From the Critical Thinker’s Toolbox: Have You Considered the Other Side’s Best Argument?

by Kenneth Samples

Most of us prefer to listen to people who agree with us. Hearing a critical assessment of our beliefs can be quite uncomfortable or potentially a waste of our time if the criticisms are not well reasoned. However, if we listen only to people who agree with us then we’re susceptible to a type of groupthink where we do not know or address the most viable arguments against our positions.

Because I believe that being an informed and objective critical thinker will likely get me closer to truth, I intentionally force myself to listen to contrary or opposing opinions and positions. Of course, not every issue in life, or even every position on a specific issue, is worthy of such time and effort. Sometimes it is reasonable and necessary to trust qualified authorities in a given field. However, I always give greater weight to those specialists who reflect a fair-minded objectiveness in their analysis of controversial issues.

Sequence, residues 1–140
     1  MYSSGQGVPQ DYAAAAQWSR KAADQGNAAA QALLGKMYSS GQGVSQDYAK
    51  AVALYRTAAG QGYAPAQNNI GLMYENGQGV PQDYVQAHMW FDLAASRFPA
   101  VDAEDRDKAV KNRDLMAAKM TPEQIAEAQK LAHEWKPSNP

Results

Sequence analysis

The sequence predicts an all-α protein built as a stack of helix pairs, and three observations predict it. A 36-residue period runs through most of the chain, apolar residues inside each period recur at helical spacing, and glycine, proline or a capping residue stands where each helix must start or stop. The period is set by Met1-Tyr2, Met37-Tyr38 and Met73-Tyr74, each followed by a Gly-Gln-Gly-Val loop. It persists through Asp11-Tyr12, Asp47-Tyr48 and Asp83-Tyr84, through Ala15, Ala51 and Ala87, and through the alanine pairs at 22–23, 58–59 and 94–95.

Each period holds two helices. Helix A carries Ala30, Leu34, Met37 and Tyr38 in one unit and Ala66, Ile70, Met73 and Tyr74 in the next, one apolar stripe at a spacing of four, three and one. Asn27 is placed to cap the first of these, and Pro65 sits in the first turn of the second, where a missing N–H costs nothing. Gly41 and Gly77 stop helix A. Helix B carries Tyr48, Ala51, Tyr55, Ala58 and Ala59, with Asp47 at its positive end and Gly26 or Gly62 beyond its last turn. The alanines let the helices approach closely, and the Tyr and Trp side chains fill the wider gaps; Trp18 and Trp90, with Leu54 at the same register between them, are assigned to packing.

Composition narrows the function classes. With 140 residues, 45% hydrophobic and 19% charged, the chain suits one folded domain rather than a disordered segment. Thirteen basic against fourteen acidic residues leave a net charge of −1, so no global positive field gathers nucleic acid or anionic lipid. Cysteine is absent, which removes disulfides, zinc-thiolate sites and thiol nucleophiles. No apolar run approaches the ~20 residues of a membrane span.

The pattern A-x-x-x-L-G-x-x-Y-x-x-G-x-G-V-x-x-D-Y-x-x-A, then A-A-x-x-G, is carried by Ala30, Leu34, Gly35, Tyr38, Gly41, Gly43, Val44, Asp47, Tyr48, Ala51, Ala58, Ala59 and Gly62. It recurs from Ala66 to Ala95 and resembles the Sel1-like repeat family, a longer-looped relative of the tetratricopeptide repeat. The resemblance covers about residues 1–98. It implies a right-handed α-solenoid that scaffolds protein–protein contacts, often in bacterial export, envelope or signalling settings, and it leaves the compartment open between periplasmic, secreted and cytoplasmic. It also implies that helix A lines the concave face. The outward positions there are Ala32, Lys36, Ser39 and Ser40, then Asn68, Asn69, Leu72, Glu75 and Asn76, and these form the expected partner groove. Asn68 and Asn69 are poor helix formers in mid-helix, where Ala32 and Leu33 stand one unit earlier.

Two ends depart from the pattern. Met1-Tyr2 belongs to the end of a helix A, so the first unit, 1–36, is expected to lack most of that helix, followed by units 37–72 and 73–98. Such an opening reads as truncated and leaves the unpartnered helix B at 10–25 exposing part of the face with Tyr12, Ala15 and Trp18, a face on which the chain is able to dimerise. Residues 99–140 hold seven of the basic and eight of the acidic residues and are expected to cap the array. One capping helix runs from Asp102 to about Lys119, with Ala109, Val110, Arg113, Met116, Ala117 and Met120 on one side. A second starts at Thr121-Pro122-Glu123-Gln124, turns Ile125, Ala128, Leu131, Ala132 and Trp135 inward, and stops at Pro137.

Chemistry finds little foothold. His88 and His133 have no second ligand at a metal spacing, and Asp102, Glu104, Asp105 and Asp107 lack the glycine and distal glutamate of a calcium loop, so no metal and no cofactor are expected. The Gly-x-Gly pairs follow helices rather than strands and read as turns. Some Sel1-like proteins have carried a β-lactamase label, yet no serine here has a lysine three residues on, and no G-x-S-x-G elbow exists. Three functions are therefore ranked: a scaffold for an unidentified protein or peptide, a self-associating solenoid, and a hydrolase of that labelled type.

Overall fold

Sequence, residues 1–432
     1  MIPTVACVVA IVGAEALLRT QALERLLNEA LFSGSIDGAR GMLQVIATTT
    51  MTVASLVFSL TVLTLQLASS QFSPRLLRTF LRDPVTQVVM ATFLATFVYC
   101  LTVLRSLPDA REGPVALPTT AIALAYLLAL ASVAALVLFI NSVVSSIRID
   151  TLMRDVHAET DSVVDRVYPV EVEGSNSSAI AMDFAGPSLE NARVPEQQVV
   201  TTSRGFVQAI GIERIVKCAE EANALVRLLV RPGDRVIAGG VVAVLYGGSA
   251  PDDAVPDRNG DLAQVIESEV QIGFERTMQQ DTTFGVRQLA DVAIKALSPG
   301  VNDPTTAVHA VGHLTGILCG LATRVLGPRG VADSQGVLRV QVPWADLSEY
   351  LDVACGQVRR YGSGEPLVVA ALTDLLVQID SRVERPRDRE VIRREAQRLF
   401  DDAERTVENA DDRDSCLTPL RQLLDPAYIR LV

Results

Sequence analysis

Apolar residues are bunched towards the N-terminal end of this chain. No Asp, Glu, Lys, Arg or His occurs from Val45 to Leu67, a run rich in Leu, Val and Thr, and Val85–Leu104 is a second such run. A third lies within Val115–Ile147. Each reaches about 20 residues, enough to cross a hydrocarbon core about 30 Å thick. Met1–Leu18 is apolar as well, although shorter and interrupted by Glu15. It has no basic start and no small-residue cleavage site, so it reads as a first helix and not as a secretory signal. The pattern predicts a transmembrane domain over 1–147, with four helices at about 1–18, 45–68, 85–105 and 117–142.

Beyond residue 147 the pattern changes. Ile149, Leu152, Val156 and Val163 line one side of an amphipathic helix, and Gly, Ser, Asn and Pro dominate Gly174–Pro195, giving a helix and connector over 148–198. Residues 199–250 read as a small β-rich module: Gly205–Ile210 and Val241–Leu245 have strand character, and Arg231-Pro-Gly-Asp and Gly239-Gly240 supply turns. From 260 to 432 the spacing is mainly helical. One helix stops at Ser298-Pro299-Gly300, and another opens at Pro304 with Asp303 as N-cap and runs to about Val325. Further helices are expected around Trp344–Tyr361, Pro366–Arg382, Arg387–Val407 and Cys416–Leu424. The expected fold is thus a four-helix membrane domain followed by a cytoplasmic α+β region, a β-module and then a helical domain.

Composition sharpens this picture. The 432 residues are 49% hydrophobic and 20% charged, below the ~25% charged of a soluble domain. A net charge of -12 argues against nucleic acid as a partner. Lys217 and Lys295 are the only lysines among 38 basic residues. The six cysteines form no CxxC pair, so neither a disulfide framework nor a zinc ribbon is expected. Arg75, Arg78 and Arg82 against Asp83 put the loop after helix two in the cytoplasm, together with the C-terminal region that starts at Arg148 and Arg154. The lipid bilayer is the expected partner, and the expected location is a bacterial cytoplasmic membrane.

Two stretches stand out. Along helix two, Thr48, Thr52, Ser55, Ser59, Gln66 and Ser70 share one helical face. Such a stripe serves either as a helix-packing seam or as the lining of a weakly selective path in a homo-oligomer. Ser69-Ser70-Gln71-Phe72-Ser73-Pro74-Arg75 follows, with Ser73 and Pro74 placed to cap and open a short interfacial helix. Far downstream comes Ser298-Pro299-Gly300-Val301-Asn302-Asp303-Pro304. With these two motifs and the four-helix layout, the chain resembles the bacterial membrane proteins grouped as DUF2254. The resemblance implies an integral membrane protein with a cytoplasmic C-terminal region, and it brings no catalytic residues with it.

To get the maximum benefit from this important intellectual exercise I’d encourage people to ask four broad questions. This criterion can be used to approach philosophical, religious, ethical, historical, political, and even key sports (Lakers) questions:

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  1. Is this a sufficiently important topic where I either need or want to form a judgment but in which I have not adequately studied the field?
  2. Are there likely genuine alternative positions to mine on an issue that may prove true and could significantly impact me, my country, or human beings in general?
  3. If there is an important alternative or opposing position to the one I hold, then who best represents that position in a clear, careful, cogent, and compelling way?
  4. Having identified the best representative of this alternative perspective, what is the best inference or argument in its favor and could it serve as a potential defeater of my view?

Here’s an example of how I used this approach recently…


From the Critical Thinker’s Toolbox: Have You Considered the Other Side’s Best Argument?